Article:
Pierre Orelus

The Agony of Masculinity

Race, Gender, and Education in the Age of the 'New' Racism and Patriarchy

Peter Lang 2010

New Books in African American StudiesNew Books in American StudiesNew Books in EducationNew Books in Gender StudiesNew Books in Peoples & PlacesNew Books in Politics & SocietyNew Books Network October 17, 2011 Vershawn Young

In his new book, The Agony of Masculinity: Race, Gender, and Education in the Age of the “New” Racism and Patriarchy (Peter Lang, 2010),...

In his new book, The Agony of Masculinity: Race, Gender, and Education in the Age of the “New” Racism and Patriarchy (Peter Lang, 2010), Pierre Orelus analyzes the “heartfelt stories of fifty men of African descent who vary in age, social class, family status, sexual orientation, ethnicity, nationality, and ability” (1). One of the purposes of the book is to allow black men to share how they both perpetuate and are negatively impacted by heteronormativity, that is, the oppression of women and other men on the basis of how well they perform heterosexuality.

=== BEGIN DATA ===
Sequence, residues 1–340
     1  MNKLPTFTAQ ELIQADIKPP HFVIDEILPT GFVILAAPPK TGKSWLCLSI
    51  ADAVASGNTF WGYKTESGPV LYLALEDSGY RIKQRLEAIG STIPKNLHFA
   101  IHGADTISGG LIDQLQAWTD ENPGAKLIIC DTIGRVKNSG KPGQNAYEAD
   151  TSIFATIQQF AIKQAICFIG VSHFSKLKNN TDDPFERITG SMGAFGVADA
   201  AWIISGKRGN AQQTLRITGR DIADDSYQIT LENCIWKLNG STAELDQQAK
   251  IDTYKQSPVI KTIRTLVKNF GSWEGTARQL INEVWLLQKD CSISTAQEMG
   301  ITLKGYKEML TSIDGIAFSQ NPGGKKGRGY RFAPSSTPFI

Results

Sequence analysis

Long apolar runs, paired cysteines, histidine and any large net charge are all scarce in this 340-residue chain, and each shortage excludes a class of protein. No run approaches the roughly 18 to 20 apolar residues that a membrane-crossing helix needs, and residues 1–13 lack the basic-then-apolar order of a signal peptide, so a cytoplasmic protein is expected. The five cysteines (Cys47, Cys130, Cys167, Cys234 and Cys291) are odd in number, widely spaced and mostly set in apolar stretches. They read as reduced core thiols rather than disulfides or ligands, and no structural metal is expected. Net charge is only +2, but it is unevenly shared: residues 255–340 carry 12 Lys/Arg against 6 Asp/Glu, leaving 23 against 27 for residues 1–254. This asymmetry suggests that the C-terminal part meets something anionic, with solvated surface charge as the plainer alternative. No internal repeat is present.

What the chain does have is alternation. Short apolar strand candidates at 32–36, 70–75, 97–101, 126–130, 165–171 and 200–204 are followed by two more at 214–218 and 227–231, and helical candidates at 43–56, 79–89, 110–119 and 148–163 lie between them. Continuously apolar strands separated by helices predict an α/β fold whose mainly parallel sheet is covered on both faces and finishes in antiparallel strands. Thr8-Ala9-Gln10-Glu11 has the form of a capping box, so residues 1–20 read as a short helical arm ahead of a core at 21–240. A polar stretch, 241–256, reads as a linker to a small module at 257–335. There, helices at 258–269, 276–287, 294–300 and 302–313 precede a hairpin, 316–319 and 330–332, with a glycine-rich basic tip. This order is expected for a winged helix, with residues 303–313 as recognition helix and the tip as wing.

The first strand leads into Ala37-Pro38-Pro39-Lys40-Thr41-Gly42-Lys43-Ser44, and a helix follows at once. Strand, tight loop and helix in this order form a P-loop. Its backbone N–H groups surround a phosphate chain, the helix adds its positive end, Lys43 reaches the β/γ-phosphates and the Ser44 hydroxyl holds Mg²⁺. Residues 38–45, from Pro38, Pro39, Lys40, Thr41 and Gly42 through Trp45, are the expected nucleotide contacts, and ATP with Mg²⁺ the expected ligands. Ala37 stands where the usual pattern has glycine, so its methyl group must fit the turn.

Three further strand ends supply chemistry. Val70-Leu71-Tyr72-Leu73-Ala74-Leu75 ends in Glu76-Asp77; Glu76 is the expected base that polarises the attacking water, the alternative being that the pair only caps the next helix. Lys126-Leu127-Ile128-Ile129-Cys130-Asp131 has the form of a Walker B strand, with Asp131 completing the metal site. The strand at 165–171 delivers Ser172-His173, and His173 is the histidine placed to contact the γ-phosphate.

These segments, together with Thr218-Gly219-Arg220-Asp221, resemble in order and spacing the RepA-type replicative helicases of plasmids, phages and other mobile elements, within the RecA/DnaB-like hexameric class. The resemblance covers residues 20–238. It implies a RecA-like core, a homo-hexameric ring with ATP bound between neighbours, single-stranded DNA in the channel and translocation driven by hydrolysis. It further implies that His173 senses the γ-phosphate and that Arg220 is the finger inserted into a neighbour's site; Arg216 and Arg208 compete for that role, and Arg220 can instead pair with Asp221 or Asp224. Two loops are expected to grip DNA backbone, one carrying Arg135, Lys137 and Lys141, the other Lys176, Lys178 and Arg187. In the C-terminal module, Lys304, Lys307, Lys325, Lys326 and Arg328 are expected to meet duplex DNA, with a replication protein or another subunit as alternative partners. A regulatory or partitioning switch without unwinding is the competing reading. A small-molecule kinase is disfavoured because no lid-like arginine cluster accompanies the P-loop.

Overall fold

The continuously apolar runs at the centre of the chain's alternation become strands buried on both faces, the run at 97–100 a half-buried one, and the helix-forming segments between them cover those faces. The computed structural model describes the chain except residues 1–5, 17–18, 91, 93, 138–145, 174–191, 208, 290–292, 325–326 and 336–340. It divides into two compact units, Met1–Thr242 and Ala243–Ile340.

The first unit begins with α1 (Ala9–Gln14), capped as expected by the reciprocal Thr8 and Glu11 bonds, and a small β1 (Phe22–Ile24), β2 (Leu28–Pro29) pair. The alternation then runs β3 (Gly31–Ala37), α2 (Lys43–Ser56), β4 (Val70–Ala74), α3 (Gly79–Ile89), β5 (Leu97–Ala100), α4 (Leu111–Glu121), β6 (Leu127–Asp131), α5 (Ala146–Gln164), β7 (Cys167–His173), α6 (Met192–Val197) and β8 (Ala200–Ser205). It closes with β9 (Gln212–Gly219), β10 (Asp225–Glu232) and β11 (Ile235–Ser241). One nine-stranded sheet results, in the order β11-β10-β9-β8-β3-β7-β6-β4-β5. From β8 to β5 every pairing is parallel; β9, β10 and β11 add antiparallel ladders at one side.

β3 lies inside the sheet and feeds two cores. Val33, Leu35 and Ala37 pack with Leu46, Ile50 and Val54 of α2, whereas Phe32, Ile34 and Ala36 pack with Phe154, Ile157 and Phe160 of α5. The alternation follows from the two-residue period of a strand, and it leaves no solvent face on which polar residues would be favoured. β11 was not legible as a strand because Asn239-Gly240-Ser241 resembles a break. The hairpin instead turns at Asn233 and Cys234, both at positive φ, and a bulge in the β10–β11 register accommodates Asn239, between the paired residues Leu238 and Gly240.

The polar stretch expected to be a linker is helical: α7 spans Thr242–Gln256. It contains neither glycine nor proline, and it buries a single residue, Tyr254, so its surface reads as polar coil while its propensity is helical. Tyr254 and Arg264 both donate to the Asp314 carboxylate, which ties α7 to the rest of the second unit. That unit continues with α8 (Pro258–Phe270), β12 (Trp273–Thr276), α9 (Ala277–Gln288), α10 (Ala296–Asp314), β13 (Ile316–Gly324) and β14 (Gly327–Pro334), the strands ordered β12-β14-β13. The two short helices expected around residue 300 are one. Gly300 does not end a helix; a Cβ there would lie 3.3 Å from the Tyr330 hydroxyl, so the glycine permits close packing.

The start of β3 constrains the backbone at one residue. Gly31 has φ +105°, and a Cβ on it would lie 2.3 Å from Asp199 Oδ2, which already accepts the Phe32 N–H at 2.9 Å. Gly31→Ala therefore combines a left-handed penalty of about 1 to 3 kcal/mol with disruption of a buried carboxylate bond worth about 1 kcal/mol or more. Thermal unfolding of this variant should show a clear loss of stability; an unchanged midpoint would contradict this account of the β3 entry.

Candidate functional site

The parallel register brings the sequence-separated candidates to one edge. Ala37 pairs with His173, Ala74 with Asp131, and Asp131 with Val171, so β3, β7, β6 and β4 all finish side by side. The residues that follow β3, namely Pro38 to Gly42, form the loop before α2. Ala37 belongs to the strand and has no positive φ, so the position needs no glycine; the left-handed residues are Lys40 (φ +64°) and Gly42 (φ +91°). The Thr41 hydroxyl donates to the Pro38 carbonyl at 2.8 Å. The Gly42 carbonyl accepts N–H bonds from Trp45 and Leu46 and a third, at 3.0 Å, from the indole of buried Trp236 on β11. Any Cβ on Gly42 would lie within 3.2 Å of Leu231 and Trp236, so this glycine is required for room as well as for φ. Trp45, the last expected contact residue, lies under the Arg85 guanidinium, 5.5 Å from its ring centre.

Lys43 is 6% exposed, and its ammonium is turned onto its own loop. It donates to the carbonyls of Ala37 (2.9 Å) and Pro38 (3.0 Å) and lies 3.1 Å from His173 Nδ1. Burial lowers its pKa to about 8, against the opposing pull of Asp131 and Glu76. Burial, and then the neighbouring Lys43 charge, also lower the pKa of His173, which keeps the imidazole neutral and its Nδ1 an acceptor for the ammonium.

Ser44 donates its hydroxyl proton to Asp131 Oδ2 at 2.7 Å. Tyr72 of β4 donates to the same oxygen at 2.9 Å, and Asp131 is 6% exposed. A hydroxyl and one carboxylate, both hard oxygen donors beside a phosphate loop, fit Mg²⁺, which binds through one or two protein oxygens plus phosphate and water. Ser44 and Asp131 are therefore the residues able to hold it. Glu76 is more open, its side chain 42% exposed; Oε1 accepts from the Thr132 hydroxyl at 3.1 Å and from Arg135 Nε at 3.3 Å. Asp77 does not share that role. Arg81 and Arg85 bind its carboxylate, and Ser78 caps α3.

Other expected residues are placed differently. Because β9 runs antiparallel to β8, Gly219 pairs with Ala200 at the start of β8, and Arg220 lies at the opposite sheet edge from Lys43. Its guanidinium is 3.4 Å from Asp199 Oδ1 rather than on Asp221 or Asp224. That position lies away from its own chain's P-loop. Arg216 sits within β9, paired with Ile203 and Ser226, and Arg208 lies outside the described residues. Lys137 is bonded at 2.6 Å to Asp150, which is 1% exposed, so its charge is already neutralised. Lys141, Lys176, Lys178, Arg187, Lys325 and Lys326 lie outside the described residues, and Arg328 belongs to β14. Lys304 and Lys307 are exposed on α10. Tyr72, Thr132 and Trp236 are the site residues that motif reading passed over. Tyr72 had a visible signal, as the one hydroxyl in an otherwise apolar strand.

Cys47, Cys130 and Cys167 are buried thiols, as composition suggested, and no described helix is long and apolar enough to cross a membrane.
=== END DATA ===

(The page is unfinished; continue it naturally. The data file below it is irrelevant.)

During my interview with Pierre, I was surprised that he labeled some of the men as closeted bisexuals and homosexuals simply because they did not disclose their sexualities to him. This was surprising since the book itself seeks to undo heteronormativity, which enforces the requirement to announce a heterosexual identity. This announcement is made both by how a man performs his masculinity, and in his actual sex life. Since the bedroom is private (we don’t know who people actually have sex with), one is supposed to feel unrestrained in disclosing his sexual practice by stating that he is heterosexual. If a man doesn’t make this pronouncement, he is deemed non-normative (otherwise, it’s assumed that he would proudly proclaim his straightness). What’s more, Orelus gives the men the choice to remain silent regarding their sexuality, yet when some take the option, it is read as a fear of coming out. This may be an instance when Orelus himself perpetuates the exact crisis he hopes to end.

This isn’t a criticism of this good book. Orelus begins by placing himself as a subject of analysis. He states that he has his own ongoing personal struggle with patriarchy, a fact often brought to his attention by his wife. It’s this experience he shares with other black men that prompted him to write the book. Please, listen in to our discussion of it.

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